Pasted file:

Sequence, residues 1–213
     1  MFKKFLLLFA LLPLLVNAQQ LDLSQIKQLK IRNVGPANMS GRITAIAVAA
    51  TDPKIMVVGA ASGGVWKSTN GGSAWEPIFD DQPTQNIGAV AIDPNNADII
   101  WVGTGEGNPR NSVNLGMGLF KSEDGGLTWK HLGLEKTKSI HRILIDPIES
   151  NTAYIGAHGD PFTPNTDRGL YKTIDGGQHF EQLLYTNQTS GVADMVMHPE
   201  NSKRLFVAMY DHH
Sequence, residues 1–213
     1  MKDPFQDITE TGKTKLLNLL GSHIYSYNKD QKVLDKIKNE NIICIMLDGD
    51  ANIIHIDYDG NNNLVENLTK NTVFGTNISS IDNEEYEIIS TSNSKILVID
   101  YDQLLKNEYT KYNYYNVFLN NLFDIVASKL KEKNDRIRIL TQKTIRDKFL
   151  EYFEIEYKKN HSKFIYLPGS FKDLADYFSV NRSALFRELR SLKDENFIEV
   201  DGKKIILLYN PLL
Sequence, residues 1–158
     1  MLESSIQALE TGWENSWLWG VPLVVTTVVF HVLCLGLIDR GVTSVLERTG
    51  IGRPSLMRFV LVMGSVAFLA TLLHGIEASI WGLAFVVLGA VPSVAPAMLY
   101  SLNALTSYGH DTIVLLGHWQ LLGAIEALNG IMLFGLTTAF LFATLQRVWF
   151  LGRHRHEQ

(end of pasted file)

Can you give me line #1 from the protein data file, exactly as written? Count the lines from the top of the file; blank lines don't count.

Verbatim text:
Sequence, residues 1–213